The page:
ECA Criticizes Delays in Building Up Modernized Customs IT Systems
16 January 2019
2018-Max_Planck_Herr_Wahl_1355_black white_Zuschnitt.jpg Thomas Wahl

In its Special Report 26/2018, the European Court of Auditors (ECA) looked into the EU’s progress in establishing the necessary customs IT systems within the current Customs 2020 Programme.

The Customs 2020 Programme was designed to finance the Union components of a modern, improved customs IT system after reform of the EU’s customs legislation. Member States are required to develop the corresponding national (non-EU) components and pay the associated costs.

According to the report, the implementation of the new IT systems for the Customs Union suffered a series of delays. As a result, some of the key systems will not be available by the envisaged 2020 deadline. The auditors caution that the rescheduled deadline is also at risk of not being met.

Several reasons have been identified as the cause for the delays, for instance:

  • Changing project scope, which increased complexity;
  • Insufficient resources allocated by the EU and Member States;
  • Lengthy decision-making process due to the multi-layered governance structure.

Furthermore, the auditors found that the monitoring mechanism in the Customs 2020 Programme was insufficient.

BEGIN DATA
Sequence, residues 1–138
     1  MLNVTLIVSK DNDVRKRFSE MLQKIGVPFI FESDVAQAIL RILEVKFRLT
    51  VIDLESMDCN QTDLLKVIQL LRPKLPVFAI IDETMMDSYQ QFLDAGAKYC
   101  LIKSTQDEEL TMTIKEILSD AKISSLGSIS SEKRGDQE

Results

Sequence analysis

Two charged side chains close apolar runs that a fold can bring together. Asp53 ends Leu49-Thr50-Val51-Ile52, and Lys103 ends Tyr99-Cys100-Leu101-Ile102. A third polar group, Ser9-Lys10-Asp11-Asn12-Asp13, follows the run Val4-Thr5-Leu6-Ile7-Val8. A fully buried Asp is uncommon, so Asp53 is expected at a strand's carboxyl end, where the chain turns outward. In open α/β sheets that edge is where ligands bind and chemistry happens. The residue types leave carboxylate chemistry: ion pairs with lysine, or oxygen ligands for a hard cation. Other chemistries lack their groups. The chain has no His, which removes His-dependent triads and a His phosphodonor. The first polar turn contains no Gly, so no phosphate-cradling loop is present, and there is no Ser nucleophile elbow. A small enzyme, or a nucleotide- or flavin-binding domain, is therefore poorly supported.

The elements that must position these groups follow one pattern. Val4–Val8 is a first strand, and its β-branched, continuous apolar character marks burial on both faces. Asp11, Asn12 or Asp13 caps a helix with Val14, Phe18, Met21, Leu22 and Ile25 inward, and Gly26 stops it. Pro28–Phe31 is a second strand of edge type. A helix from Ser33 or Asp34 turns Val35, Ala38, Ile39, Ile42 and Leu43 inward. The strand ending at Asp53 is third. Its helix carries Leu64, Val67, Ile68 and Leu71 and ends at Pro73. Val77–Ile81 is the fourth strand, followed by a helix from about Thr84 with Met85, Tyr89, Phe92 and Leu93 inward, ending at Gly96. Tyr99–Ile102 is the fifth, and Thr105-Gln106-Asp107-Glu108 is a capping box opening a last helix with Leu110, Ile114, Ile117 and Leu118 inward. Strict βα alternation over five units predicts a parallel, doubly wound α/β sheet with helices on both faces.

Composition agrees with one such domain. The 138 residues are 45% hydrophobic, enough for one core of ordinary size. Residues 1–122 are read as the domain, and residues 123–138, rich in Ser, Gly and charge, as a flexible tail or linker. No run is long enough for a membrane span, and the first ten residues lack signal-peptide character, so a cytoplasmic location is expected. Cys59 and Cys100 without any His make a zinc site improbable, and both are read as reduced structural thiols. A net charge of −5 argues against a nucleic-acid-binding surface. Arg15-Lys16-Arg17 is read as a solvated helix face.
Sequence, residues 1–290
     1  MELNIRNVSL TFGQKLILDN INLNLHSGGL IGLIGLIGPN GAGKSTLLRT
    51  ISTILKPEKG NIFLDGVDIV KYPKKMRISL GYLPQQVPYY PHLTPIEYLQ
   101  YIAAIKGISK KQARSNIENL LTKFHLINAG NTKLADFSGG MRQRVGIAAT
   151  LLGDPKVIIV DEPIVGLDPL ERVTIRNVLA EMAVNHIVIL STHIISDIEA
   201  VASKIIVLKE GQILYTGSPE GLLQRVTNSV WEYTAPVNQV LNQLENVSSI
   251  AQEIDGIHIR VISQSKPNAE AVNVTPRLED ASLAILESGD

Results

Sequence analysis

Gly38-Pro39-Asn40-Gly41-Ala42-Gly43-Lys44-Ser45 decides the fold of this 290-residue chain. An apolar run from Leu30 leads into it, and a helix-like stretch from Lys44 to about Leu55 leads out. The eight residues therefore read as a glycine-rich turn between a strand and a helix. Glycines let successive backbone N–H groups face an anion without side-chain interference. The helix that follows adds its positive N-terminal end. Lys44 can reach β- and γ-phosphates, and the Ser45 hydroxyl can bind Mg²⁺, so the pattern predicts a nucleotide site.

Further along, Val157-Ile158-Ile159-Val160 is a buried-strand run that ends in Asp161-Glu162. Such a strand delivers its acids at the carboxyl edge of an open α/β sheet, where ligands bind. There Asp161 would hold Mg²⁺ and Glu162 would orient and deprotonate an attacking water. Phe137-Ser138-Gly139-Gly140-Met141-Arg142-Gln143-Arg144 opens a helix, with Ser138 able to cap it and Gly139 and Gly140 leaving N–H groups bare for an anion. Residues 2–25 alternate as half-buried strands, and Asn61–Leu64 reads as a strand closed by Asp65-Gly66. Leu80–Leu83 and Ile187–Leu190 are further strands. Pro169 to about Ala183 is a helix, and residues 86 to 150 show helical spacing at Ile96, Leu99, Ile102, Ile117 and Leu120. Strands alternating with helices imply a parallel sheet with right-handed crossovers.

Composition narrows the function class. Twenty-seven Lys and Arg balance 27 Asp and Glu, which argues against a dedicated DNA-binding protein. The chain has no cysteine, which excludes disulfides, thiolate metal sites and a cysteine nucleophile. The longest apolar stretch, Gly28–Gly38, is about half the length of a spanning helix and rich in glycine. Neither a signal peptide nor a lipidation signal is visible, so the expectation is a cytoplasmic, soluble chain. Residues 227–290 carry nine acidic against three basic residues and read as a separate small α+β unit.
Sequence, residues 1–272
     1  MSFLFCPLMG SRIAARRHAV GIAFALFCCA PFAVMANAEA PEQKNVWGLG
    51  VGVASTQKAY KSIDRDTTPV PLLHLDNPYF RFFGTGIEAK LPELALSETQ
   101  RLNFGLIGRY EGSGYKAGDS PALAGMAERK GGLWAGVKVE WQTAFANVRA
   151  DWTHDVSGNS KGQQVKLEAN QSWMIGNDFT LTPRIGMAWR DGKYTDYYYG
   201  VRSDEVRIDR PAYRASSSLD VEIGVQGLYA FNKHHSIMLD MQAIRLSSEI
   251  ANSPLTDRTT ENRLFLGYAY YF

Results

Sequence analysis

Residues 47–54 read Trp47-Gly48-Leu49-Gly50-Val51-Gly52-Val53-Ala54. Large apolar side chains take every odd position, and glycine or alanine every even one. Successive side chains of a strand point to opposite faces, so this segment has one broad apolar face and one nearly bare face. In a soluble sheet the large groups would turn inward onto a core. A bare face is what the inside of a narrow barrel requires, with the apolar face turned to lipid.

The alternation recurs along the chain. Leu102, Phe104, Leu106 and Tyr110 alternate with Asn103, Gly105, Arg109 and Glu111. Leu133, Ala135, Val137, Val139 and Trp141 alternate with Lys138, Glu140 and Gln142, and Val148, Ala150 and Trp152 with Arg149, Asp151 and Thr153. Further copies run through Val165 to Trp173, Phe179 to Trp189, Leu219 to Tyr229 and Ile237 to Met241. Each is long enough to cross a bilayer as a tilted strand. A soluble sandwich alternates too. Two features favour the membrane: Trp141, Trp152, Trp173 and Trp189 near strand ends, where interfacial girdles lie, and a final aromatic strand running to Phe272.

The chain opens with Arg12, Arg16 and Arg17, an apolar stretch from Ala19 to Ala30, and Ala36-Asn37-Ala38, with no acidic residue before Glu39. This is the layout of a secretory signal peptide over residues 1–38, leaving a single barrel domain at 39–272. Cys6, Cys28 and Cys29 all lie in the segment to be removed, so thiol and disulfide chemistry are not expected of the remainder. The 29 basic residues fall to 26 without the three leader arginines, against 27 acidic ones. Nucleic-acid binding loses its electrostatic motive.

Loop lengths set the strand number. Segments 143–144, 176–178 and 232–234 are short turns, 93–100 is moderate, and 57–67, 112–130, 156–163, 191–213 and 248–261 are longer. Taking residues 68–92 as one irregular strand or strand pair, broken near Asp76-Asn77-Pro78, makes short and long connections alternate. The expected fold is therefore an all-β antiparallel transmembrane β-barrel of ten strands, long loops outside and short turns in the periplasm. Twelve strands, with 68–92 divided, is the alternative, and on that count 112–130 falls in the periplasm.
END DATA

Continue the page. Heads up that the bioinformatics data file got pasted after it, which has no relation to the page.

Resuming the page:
The audit was also carried out in view of improving the upcoming Customs Programme, slated to start by 2021, with a possible budget of €950 million. The auditors call on the Commission to learn from the lessons of the previous programme and recommend the following:

  • Gear the next Customs Programme expressly towards IT implementation, with precise and measurable objectives;
  • Improve time, resource, and scope estimates for each IT project;
  • Facilitate cooperative IT development with and between Member States;
  • Streamline governance by ensuring more efficient and swifter communication;
  • Inform stakeholders about implementation and spending in a timely and transparent manner.

The ECA’s recommendations in the reports are put into practice regularly, although they are not binding for the EU authorities.

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2018-Max_Planck_Herr_Wahl_1355_black white_Zuschnitt.jpg
Thomas Wahl

Max Planck Institute for the Study of Crime, Security and Law (MPI CSL)

Public Law Department

Senior Researcher